Two-states, two-paths

It is imperative to scrutinise the implications of growing religious extremism across the border

Two-states, two-paths


he partition of the South Asian subcontinent in the summer of 1947 gave birth to two independent states i.e. India and Pakistan. During their early years, the two countries followed two different trajectories for state formation and nation building; Pakistan chose the majority religion for its ideological orientation whereas India sought to lay a secular foundation. However, both these countries attempted to reconstruct their pasts by adopting Hegel’s philosophical approach to recording and presenting history to reinforce national narratives and ideologies. They both changed the names of roads, cities and monuments or historic sites; and allowed extremist mobs to desecrate and vandalise religious places of minority religions. The practice caused great harm to the societies and a huge loss to history and archaeology.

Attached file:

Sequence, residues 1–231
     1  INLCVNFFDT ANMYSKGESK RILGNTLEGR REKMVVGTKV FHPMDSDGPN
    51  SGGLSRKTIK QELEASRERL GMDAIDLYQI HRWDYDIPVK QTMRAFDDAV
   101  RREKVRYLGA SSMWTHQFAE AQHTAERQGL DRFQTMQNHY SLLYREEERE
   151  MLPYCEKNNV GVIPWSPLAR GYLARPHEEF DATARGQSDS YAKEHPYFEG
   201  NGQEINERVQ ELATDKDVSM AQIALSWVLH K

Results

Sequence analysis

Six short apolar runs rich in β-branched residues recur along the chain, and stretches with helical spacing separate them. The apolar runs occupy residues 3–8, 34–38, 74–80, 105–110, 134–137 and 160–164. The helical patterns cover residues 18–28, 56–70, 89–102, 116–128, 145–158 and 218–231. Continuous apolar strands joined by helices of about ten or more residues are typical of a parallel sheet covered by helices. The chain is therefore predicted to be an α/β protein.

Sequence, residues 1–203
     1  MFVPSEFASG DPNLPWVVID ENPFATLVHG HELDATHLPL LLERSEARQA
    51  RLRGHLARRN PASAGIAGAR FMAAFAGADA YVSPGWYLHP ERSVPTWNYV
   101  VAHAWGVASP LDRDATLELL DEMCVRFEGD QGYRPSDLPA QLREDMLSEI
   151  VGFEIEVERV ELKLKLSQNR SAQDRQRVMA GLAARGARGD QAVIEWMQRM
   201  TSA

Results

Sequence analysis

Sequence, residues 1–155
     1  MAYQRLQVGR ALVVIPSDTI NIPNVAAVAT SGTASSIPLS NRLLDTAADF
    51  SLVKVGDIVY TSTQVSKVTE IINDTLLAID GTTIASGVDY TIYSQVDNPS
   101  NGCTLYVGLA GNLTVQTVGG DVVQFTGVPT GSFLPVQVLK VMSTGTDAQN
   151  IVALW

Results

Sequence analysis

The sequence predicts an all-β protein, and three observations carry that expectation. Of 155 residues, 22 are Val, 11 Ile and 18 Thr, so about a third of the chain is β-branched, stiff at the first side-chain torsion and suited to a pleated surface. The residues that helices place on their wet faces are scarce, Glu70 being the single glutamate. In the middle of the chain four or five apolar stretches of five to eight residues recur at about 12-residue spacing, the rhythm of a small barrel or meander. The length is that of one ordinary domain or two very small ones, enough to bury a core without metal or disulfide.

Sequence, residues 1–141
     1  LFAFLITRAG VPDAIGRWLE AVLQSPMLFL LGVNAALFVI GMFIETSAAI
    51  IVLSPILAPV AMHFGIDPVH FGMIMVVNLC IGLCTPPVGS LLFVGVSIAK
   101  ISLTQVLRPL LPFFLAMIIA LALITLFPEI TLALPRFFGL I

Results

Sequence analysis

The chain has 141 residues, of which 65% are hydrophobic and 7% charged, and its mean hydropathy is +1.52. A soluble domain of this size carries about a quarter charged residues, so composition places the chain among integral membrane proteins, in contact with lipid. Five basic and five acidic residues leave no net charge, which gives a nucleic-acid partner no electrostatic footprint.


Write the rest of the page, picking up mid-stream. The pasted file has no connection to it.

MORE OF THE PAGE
For the past decade, Narendra Modi-led government in India has been trying to transform India into a Hindutva state, incorporating an extremist approach to Indian society and social order. The erosion of secular values is evident from the discriminatory laws and policies that disproportionately affect non-Hindu communities. The vandalising of Babri Mosque in Ayodhya and the construction of Ram Mandir on the site and its inauguration with great pomp and show are manifestations of the imposition of Hindutva and eradication of non-Hindu history, sites and communities. This is obvious from Prime Minister Modi’s statement on the eve of the inauguration of Ram Mandir. He said, “Now, we have to lay a [new] foundation for India for the next 1,000 years.” He added, “People used to say the construction of Ram temple would set the nation on fire. Instead of creating any negativity, the Ram temple is leading to positive energy.”